As I get ready to start exploring Michigan (still trying to get Marguerite to come with me for some of these….), I ran into the problem of trying to figure out which to do first. After giving it some thought, I decided to go in order of their creation. Which means that Fennville. This viticulture area was designated October 19, 1981 and contains 75,000 acreas of coastal Lake Michigan between the Kalamazoo and Black Rivers. The soils are sandy and glacial and temperatures are moderated by the deep waters of Lake Michigan. The vineyards in the area are capable of producing both Vitis vinifera and Vitis labrusca grapes. Oh, and did I mention that this wines from this area is a great locapour option for those of you living around the Great Lakes? It is true.
The problem that I am having with this AVA is determining is whether there are any wineries producing wine with the Fennville Appellation AVA. Per an article in 2007 at Appellation America indicated that only one winery existed in the viticulture area, Fenn Valley Vineyards. However, when I checked the website for Fenn Valley, I found that the wine pictured at their site was labelled under the Lake Michigan Shore appellation in which Fennville is completely contained. So, am I confused? yes. I will let you know if I have answers soon.
In the meantime, I have prepared the map for the possibly useless AVA.
Ever go into restaurant and look over the menu and see the Chef proudly proclaim that they are sourcing their proteins and veg from local farms? I see it alot here in Chicago.
Then I take a look at the winelist and there is nothing, I mean NOTHING local on it. When I have asked, I asked I get answers that relate to the economics of distribution (which is complex and a pain to figure out) or I get comments about the quality of the local wines as discussed in the comments of this Huffington Post piece.
So, when I see a wine list that has anything local on it, I want to cheer them on.
Kevin, I and the girls stopped for brunch recently at such a place. Browntrout.
The restaurant bills itself as serving sustainable, locally farmed, and organic products whenever possible. For most restaurants this has meant a trip to the Chicago Green Market. Browntrout grows its own herbs in their rooftop garden as well as establishing relationships with local farmers. Local and artisanal beers are also on the list as is locally roasted coffee and house made gingerale and Gale Gand’s Root Beer. But it is the wine list that interested me most.
Most of the options were labels that I have previously seen and know to be sustainably produced. Ironically, many wine makers use sustainable practices but shy away from using in their advertising so that the focus is on the quality of their wine, not the method of production. I was pleased to see a couple of options on the list from local vineyards, specifically, the Pinot Grigio and Blaufrankisch from the Circa Vineyards in Leelanau Michigan. I was doubly delighted by the Blaufrankisch as it is a varietal that is largely only see in Germany and Austria. Unfortunately, I was eating brunch, so I skipped red wine and enjoyed the Pinot Grigio instead. It was a nice crisp wine with a lot of flavor. Kevin and I are certainly looking forward to trying the red at another point as the food at Browntrout was wonderful. Even the ever world-weary, Celia couldn’t find anything bad to say. That is high praise indeed.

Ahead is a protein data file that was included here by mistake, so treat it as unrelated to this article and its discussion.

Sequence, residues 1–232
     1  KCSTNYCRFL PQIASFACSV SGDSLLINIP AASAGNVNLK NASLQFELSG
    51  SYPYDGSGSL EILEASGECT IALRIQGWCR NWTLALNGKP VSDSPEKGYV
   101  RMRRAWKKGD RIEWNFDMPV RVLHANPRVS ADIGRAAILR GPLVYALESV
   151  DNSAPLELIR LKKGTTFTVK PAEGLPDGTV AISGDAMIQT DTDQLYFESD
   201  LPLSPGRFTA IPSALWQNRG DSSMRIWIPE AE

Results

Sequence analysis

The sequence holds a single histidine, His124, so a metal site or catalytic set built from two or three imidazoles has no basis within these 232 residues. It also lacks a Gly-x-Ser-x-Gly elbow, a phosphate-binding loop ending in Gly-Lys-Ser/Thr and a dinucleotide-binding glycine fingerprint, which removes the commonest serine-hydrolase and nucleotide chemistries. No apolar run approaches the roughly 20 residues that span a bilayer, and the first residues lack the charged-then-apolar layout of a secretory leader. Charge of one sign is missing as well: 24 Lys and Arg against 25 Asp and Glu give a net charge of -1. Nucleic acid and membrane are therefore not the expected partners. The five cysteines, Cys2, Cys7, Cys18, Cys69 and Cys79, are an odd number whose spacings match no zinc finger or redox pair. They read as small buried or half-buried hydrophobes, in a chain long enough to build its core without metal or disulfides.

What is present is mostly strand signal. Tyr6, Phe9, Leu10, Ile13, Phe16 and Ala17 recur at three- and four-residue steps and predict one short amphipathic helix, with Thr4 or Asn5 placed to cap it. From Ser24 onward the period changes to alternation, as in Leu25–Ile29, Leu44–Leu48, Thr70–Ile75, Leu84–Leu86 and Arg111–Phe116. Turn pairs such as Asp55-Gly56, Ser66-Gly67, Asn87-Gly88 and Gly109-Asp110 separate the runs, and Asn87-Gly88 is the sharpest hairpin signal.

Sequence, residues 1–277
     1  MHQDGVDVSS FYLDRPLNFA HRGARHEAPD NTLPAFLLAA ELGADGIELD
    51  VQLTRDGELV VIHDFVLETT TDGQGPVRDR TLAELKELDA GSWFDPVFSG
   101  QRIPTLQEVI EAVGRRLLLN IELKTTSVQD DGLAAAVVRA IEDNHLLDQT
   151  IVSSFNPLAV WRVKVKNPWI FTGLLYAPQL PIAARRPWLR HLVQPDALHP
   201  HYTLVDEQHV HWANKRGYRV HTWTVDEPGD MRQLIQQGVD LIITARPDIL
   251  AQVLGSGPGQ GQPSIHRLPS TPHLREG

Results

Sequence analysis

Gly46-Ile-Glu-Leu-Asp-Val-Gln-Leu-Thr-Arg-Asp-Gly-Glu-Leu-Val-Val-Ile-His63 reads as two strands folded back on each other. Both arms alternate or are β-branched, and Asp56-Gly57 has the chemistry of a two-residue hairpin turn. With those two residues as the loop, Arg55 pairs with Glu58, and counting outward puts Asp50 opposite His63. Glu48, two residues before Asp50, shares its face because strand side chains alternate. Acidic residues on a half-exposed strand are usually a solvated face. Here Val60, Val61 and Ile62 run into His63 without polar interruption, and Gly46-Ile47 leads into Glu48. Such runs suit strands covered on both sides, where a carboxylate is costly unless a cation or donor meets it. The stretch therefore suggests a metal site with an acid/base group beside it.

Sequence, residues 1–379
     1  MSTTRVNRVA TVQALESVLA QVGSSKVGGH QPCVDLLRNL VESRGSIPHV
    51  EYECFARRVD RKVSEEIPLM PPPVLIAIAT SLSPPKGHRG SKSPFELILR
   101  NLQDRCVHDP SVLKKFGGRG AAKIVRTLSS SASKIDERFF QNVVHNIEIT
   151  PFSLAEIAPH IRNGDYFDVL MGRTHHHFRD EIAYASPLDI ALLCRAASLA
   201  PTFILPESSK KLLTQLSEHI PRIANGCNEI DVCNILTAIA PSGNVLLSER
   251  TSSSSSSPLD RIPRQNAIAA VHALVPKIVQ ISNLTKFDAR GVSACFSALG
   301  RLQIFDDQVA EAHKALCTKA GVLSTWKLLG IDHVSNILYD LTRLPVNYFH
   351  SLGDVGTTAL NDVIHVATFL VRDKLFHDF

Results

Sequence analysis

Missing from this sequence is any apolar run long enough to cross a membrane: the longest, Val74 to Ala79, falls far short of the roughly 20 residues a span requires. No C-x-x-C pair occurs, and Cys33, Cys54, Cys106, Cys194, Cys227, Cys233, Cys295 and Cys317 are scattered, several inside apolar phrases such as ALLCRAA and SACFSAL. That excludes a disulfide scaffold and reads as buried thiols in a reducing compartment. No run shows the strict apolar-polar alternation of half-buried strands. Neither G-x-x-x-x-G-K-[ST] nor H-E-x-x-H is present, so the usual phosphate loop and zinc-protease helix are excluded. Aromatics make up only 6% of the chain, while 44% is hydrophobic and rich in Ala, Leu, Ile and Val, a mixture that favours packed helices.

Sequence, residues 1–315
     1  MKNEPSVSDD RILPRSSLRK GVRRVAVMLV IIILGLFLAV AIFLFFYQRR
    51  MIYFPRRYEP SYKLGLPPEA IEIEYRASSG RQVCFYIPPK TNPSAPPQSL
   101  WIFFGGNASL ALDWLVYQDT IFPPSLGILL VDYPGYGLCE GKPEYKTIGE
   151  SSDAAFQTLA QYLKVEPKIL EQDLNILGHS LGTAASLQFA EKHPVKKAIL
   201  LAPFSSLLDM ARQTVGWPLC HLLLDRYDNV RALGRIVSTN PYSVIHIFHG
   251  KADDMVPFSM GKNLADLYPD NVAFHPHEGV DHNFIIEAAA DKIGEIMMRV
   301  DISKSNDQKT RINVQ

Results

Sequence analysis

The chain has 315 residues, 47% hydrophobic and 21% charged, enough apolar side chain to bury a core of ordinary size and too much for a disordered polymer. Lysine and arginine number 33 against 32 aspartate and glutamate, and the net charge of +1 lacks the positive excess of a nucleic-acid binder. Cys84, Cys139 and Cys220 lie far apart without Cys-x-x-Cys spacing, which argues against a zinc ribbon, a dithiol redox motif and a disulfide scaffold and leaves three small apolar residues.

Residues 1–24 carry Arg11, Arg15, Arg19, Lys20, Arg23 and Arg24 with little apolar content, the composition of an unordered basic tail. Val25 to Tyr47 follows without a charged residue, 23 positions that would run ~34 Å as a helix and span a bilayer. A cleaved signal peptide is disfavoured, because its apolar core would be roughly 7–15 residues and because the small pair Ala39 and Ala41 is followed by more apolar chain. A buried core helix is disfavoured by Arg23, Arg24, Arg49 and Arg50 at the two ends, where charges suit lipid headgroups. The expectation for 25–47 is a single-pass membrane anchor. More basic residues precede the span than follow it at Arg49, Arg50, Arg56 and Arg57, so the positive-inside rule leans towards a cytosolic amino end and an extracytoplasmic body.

So get out there and support your Locapour restaurants. They aren’t just talking the local, green talk; they are walking the walk too!
4111 N. Lincoln Ave.
Chicago, IL 60618
When in Walla Walla, I attended the Wine Bloggers’ Conference at the Marcus Whitman Hotel and Conference Center and visited Whitman Cellars. Walla Walla is also home Whitman College, alma mater of Adam West and Dirk Benedict.
So, naturally, the question arose, who is this Marcus Whitman guy and what did he do to get so much in town named after him. Here is your answer. Your welcome.
North Dakota! Where the winds go sweeping down the plains! Ooops, wrong song. But North Dakota is where I’ll wind up next and there are plains. So that much is accurate. To get there, all I have to do is cross the Red River from Minnesota. Easy-peasy. Now, I have seen the Red in action. it is no meek, mild river. I got to enjoy its delightful flooding during the summer of 1993 in the even more delightful city of Winnipeg. Do you know how big mosquitos get in Manitoba during a flood? I still have nightmares about them.
So what do I have to look forward to in North Dakota?
Well, there is Fargo. Still no Marge, but still. I also get to go through the capital, Bismarck, named for the German Chancellor, not the donut.
While in St. Louis, I did more than drag an underaged teen from one winery to another… I went out to dinner… With grownups even!
Yes, it is true. After spending a long day in volleyball and touring Daniel Boone’s favorite wineries, the girl and I headed back to the hotel where she immediately ditched me for team related activities and headed up to see my favorite wine-loving volleyball mom. After snacking on some cheese and crackers and drinking some delicious Mt. Veeder Cabernet Sauvignon we headed down to the hotel’s restaurant, An American Place.